However, that observation does nothing to alter the perception of the British Army in the eyes of the public. I'm not really sure which steps can be taken to improve that, apart from many more open days at army camps, regular public information displays and recruiting drives in towns and cities, etc.
    In short, making the British Army more visible and accessible to ordinary people.

    MsG
     
  9. I think you are a little deluded there. I would not of thought for one minute that a fleet street professional, with the lifestyle that comes with it, would be envious of a squaddie earning around 20 odd grand a year. I chose the Army as a career because it appealed to me and it was fun, not because I needed reassurance of my manliness. Although I do agree that the Army need to show people that members of the forces are a pretty good sample of the society soliders are recruited from.
     
  10. While I agree with and admire Max Hastings on most things his quotes about Army trg are completely wrong, when he says:

    "Those who administer the Infantry Training Centre at Catterick are scarcely allowed to impose discipline on new recruits, lest they quit or sue. Many line battalions have to run their own training programmes for alleged trained soldiers from the ITC, to render them fit to serve." he is reinforcing a myth.

    All the teeth arm commanders from Telic commented on how good the product delivered by the ATRA was. Young soldiers delivered from ITC to the PWRR were in contact before they had even reached the Btn base location and acquitted themselves well. The Para’s in Sierra Leone also had their full quota of young soldiers who performed admirably.

    Lets get it straight, the ATRA produces an excellent product "within time and budget constraints" you could have little SAS troopers if the money and time was their,

    2 things strike me about those who slag trg and recruits off:

    1 They forget the ******* they trained with who got out and therefore are overly critical of the young soldiers when they compare them with their (the critics) peer group. You especially see this in Sgts Messes 200 men saying “well the youngsters aren’t as good as us!” well no shit Sherlock

    2 They wear rose tinted specs about their own trg regime, after 22 years I can honestly say that the trg delivered now is better than it ever has been, previous regimes may have been tough but to what end? And how many good soldiers left because their DS was a ******?

    As a last point for the regular serving members of ARRSE, when you moan about recruits or new soldiers you forget that you have and have always had a responsibility to carry on the trg of soldiers. Basic trg is exactly that "basic trg" good NCOs SNCOs and Officers carry on trg their soldiers every day.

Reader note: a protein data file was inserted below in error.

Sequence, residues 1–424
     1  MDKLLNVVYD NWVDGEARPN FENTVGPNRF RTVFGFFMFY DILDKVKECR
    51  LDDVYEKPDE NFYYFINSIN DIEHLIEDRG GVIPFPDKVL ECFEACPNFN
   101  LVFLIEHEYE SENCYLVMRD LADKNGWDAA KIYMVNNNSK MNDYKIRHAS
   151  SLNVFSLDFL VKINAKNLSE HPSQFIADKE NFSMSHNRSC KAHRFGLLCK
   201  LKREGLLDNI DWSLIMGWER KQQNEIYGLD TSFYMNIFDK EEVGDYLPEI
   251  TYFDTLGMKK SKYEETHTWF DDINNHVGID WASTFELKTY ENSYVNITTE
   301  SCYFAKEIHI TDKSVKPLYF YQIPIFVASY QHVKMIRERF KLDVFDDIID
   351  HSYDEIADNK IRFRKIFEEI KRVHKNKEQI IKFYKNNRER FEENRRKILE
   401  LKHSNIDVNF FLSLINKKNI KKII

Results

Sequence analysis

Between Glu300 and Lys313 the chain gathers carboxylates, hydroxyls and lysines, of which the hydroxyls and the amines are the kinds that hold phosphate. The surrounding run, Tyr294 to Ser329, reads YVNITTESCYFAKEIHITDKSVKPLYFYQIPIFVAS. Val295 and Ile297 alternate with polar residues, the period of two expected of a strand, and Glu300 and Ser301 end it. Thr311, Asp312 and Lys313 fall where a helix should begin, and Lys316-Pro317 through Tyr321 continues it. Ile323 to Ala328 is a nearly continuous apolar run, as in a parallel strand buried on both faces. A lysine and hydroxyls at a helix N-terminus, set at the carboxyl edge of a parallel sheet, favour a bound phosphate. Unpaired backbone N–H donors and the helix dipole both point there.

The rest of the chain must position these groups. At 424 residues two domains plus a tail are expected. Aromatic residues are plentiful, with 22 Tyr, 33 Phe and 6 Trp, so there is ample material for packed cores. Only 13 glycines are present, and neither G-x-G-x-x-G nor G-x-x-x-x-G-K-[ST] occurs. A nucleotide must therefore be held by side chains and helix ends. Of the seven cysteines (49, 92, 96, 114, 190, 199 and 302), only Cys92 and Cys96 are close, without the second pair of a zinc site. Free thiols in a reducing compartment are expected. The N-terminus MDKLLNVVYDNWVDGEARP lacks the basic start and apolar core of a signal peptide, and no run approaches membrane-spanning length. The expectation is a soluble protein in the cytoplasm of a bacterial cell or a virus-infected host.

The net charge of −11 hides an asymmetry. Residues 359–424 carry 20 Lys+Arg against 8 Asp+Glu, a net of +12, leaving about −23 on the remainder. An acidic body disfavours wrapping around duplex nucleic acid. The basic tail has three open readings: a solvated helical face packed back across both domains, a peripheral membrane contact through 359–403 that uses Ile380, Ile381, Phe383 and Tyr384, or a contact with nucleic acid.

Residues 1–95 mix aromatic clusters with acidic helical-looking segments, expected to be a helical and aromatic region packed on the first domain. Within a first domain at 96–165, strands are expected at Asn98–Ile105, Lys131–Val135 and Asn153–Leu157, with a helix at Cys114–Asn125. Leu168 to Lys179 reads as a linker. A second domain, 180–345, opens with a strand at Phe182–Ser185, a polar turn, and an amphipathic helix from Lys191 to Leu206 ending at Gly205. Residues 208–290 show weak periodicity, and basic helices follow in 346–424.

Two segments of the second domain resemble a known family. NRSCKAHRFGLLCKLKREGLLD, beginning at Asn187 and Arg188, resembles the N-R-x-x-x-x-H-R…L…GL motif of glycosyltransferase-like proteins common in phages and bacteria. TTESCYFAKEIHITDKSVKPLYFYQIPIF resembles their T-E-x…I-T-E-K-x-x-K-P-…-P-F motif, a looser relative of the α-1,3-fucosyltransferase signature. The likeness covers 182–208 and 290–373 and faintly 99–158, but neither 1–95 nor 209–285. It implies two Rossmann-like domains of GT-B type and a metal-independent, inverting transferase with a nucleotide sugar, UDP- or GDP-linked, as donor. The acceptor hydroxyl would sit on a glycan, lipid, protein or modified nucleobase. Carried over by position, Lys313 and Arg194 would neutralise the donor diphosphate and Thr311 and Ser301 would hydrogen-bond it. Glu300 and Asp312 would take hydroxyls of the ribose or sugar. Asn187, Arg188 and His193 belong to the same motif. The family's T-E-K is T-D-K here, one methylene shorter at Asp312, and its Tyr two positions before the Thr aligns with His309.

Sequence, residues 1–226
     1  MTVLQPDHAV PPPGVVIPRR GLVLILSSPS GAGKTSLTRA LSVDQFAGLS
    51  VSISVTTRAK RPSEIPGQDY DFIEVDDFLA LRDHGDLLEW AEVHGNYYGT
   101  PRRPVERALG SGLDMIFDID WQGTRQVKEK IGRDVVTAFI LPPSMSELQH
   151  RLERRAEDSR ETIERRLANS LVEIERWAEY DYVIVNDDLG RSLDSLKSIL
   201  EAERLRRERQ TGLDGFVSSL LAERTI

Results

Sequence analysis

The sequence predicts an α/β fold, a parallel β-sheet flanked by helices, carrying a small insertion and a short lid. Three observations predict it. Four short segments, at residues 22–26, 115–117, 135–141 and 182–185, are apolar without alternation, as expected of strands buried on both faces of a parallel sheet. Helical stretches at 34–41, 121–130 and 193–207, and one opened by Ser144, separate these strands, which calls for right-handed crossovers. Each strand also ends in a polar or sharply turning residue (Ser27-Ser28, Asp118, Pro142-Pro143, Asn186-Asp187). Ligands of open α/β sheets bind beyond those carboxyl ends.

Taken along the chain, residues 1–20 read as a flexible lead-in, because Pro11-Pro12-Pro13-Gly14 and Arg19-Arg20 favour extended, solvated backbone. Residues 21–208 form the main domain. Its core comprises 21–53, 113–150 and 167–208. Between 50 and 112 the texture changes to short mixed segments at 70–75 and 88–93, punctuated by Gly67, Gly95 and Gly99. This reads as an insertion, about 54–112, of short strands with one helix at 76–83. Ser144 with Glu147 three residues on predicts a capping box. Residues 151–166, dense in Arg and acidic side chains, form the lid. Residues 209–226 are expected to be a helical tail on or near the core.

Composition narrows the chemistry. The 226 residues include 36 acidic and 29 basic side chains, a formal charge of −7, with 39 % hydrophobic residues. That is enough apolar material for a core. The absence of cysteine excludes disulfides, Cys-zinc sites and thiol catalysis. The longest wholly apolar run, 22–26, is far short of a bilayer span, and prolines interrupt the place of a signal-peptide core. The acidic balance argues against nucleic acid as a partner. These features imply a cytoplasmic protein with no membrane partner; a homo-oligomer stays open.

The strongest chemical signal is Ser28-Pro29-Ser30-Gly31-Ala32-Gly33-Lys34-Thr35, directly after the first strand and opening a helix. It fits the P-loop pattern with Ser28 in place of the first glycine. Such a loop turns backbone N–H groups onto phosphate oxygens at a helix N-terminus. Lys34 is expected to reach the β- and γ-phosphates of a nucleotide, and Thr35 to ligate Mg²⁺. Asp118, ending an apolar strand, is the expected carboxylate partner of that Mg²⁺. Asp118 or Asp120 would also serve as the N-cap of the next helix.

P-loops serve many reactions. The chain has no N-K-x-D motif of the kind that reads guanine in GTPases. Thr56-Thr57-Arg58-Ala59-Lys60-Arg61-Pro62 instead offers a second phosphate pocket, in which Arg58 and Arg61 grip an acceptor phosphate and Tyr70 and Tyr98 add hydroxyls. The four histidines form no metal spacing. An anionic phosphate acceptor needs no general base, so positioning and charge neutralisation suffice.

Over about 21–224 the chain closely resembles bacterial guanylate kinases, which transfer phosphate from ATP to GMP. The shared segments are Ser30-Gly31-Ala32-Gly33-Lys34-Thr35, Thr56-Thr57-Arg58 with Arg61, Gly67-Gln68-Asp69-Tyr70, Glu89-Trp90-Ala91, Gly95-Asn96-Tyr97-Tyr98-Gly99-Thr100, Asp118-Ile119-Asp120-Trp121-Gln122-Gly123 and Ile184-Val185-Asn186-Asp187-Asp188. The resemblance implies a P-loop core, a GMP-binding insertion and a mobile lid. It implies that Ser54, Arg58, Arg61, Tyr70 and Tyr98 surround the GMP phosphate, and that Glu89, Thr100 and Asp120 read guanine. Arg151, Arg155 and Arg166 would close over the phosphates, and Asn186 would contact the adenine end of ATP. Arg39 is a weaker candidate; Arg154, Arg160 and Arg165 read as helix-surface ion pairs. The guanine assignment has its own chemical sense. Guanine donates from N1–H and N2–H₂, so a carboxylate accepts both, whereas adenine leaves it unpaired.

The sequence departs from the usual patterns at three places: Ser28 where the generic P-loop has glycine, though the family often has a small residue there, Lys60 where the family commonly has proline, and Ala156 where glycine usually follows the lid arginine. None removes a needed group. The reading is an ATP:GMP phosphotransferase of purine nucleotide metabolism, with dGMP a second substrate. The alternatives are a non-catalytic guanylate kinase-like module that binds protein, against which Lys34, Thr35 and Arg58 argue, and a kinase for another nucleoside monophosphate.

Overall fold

11. A really excellent article from Max Hastings - politicians should take heed.
     
  12. The public appear to think that soldiers are ...ignorant, pudding thick, beer guzzling, sex mad, wife beating, psychotic, bullying, macho, blood thirsty, rapists. This opinion being fuelled by the media because as often said before, the media loves gossip and scandal and what better target than the armed forces? Tell a nice story about a good deed of the army and its met with something like ' What were they doing driving down the high st anyway?' ( if you rescued a stranded bride) 'Aint they nothing better to do?' ( if rescuing a stranded dog) However, when theres a riot its a case of 'should send the army in with water cannons!' hero of the hour and all the good citizens can sleep safely in their beds knowing that the ignorant, pudding thick, beer guzzling, sex mad, wife beating, adulterous, psychotic, bullying, macho, blood thirsty, rapists are out their protecting them, their property and their loved ones!! Can the rot be stopped? Its highly unlikely because however hard you try, there will always be the bigots ready to slap you down. A man strangles his missus to death and the headlines screams ' soldier strangles wife in a fit of temper' The 'soldier' in question did a 6 week initial training course with the catering corps back in 1972...34 yrs ago!!!! since then he has been a hairy arrsed builder! However, the soldier label sells the papers, after all who really cares that a hairy arrsed builder throttled his missus before burying her under the patio? The public will always adopt an 'holier than thou' stance whatever you do.
     
  13. No delusion at all, amazing__lobster, and I thank you for your comments.
    However, you yourself may be labouring under a misapprehension. The "Fleet Street lifestyle" is nowhere near as cushy as you describe (with a few notable exceptions, of course).
    Notwithstanding that, a perceived inferiority has nothing to do with lifestyle or earnings. It's about how one person feels they measure up to another. I stand by my statements.

    MsG
     
  14. I've lived in New York for 5 years and noticed that one of the biggest differences between the US military and the that in Britain is simply that of visibility.

    They never had the IRA or come to that mainland terrorism until 9/11 and so there seem to be no rules about being in green kit in public. You don't just see soldiers at checkpoints on the bridges and tunnels of manhatten but also on subway platforms, train stations, in the street etc...

    The public get to see their troops and it humanises them. I've frequently seen uniformed soldiers getting discounts in shops and people talking to them about their experiences.

    In Britain we only ever see the occasional landrover with a 'please call this number to complain about me'. British soldiers are hidden away and only get recognition when something goes wrong, be that in Iraq or some 'scandal'. Don't blame jounalists who have never met a squaddie and get their stories from the associated press. I know there are security reasons but the army should be proud of its uniform and proud of what it does. All people ever see of the army right now is off the news and unsurprisingly, news tends to be bad news.